Over a nice dinner in one of the finer restaurants we’ve enjoyed on the trip, Jerry asks me if I miss cooking. No, I quip, taking another bike of crab ravioli in tomato vodka sauce. Within an hour, though, I begin to miss cooking. I miss making pizzas, making my daily lunch salads, making chocolate bark – that special evening treat with dried fruit and toasted almonds that I started experimenting with last year. I miss making my mother-in-law’s brisket, Eva and Bill’s summer marinades, my mother’s coq au vin, my sister’s Cajun shepherd’s pie (really Paul Prudholme’s, but Maura got me hooked on it). Within that same hour, I begin to miss a lot of things:
- Writing group
- Book group
- Dinner with friends
- Meeting people for coffee or a drink or a walk
- My little office with the writing loft
- Our favorite restaurants
- Burlington, in general
- My computer
- My car
- My bed
- Bondi and Mango, our dog and cat
I am suddenly sick with everything I miss, and have to turn off the flow, close the spigot, using a clever combination of denial and self-trickery.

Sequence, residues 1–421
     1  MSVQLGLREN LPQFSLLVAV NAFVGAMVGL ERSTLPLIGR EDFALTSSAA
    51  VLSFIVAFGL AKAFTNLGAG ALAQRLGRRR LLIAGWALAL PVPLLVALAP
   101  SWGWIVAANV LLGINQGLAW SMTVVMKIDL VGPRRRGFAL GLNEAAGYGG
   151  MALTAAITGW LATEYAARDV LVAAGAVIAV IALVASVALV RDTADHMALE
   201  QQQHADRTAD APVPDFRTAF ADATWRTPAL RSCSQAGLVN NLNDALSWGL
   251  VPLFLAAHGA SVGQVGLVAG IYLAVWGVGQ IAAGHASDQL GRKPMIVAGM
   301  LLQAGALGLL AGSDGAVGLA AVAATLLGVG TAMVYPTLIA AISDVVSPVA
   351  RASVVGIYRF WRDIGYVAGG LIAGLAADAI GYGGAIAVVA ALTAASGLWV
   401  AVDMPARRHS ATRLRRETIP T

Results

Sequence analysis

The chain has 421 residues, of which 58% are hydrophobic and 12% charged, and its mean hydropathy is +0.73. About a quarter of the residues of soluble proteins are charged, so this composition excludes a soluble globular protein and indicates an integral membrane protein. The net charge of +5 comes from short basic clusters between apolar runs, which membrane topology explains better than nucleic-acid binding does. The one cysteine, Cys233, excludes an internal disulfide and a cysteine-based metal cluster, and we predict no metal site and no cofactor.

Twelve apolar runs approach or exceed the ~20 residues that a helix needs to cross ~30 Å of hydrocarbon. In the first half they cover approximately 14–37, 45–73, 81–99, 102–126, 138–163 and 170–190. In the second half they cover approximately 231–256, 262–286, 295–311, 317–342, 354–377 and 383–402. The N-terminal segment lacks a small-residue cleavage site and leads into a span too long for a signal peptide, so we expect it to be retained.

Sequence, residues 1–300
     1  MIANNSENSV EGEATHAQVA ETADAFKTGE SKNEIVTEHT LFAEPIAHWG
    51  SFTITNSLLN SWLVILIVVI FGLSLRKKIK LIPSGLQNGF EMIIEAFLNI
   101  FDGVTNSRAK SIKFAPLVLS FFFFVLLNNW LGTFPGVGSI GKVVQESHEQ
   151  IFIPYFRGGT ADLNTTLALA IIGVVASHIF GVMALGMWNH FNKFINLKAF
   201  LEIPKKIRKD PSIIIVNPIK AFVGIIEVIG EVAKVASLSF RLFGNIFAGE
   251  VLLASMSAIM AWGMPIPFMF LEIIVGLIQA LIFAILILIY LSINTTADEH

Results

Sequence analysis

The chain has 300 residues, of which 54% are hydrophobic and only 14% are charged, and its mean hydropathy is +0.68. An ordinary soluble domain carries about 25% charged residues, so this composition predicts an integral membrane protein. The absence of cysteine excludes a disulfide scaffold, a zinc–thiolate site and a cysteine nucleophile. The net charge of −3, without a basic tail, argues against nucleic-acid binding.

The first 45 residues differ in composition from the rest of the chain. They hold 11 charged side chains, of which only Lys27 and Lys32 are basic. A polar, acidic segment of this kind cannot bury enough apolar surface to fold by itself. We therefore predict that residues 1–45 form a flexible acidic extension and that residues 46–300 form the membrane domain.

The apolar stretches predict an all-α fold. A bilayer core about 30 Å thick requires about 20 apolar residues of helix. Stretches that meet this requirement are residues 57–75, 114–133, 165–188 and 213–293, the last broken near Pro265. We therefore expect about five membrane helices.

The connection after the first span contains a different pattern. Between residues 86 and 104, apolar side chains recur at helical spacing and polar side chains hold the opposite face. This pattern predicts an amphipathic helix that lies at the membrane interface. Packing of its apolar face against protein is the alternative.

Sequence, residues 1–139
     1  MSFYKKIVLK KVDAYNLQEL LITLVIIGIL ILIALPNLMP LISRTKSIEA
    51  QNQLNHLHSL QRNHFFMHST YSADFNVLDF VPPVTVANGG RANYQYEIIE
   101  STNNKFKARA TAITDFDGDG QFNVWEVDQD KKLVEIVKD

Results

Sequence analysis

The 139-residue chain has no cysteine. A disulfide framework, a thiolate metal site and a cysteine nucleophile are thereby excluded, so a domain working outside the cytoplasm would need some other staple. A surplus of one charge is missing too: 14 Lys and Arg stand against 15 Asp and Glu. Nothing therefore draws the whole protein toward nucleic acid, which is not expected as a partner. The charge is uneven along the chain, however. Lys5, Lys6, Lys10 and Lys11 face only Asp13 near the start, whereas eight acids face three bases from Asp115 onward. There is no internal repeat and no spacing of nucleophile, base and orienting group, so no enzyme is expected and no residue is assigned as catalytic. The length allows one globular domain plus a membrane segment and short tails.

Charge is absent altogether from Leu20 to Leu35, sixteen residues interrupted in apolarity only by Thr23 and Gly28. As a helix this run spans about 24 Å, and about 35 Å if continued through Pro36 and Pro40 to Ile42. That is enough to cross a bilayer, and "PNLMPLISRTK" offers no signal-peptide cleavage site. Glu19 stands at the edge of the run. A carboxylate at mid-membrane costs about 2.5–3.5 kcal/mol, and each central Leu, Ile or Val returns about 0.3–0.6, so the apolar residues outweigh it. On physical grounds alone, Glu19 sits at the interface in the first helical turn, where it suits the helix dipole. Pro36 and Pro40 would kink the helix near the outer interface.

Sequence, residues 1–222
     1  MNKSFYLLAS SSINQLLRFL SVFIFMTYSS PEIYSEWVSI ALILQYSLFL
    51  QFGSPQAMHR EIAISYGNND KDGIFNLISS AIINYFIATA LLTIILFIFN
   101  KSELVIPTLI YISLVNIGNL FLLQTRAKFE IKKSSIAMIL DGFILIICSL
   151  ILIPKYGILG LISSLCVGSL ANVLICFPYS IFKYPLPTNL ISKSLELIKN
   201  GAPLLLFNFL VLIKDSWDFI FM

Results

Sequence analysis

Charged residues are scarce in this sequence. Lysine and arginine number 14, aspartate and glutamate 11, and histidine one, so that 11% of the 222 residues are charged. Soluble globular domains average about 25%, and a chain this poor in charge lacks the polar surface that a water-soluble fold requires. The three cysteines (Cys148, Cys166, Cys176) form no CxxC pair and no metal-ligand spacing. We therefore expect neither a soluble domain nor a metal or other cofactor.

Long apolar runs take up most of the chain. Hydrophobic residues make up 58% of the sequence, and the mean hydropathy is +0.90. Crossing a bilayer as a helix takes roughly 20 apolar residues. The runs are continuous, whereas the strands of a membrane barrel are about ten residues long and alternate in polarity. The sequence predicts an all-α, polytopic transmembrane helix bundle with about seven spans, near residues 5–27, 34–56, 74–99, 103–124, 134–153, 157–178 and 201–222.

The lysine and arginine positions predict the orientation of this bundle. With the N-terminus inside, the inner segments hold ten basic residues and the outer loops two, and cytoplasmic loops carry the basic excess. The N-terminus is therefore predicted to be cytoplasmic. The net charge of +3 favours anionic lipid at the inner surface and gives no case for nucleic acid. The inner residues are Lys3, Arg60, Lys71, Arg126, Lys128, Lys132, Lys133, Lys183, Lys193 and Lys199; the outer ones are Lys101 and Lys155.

The cooking issue returns some time later, as we cycle toward our final stop in North Carolina: an Inn in the small town of Sunbury. The town is not blessed with a restaurant, I learn when I call to book a reservation. I try, very subtley at first, and then not so subtley, to get the inn’s owners to offer to include us in their dinner plans. They do not take the hint. We have a grocery store in walking distance, they say. And you are welcome to use our microwave. (Microwave? Isn’t that just for cold coffee? What???)
The evening in Sunbury is actually very pleasant. Our hosts are interesting people with fascinating backgrounds. They are entrepreneurs. In addition to running their inn, they are developing plans to turn the old school next door into senior housing.
That night, Jerry and I walk to the grocery store. It has even less to offer for dinner than you might expect, having seen grocery stores in other developed nations. But they do have Stouffers lasagna, and we buy a box of that and return to the inn. Our hosts make room in the kitchen, where they are heating up their own frozen pizza in the oven, and introduce us to their microwave. We cook the lasagna in the microwave! Wow. (Who knew?) We eat the lasagna. It does not suck.
My yen to cook returns, but I can handle it. At least it will be there for me when I get home. I manage to feel lucky to enjoy cooking. And I re-tighten the spigot against all those other things I miss.